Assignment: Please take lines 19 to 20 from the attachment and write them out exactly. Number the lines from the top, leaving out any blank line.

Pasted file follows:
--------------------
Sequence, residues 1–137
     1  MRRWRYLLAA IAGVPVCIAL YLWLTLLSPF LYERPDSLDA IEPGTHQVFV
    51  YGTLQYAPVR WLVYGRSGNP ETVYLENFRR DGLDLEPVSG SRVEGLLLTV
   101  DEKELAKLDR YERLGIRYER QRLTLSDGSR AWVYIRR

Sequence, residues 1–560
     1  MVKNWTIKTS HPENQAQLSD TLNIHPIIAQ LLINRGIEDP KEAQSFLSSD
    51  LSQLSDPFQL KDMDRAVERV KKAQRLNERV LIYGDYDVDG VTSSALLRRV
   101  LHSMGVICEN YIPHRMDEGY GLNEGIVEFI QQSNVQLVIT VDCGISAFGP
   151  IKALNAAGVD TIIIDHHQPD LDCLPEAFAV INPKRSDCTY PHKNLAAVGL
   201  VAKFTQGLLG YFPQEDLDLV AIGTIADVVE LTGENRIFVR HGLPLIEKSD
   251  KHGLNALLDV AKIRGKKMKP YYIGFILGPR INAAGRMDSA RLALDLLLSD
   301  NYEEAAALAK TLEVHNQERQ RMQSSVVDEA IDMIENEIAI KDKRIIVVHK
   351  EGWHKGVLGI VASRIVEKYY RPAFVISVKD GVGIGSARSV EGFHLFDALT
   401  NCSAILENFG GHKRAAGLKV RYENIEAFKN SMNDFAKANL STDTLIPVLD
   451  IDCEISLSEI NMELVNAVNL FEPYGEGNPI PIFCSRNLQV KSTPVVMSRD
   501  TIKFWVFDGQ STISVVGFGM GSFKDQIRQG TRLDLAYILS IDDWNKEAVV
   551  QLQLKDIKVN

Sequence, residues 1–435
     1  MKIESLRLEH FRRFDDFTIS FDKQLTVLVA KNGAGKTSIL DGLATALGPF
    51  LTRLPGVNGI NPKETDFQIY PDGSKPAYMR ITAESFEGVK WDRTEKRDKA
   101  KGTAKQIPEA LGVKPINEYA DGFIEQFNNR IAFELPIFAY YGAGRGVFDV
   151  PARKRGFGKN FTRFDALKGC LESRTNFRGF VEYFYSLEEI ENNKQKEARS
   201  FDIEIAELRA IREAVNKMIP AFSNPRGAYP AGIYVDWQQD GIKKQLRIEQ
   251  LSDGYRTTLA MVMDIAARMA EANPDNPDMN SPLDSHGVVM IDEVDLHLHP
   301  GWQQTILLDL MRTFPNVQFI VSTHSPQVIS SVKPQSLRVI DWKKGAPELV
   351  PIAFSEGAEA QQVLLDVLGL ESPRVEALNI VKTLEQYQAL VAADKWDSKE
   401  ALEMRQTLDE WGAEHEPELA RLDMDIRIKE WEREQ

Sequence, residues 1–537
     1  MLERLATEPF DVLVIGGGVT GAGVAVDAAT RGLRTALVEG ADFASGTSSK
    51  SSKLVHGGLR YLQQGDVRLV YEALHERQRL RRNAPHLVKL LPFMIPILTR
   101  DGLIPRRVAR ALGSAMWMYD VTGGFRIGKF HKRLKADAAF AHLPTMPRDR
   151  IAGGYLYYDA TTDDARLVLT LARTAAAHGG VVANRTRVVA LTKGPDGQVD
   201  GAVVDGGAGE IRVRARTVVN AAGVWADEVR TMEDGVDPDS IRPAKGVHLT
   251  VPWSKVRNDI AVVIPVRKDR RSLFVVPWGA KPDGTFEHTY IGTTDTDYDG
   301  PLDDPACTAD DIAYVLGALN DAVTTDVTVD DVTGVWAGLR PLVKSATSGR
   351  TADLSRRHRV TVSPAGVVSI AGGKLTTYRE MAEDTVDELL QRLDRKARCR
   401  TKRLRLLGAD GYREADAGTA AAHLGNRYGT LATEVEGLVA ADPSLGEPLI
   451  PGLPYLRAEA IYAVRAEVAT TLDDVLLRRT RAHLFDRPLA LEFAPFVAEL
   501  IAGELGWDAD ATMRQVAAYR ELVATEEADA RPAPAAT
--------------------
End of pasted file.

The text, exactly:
     1  MKIESLRLEH FRRFDDFTIS FDKQLTVLVA KNGAGKTSIL DGLATALGPF
    51  LTRLPGVNGI NPKETDFQIY PDGSKPAYMR ITAESFEGVK WDRTEKRDKA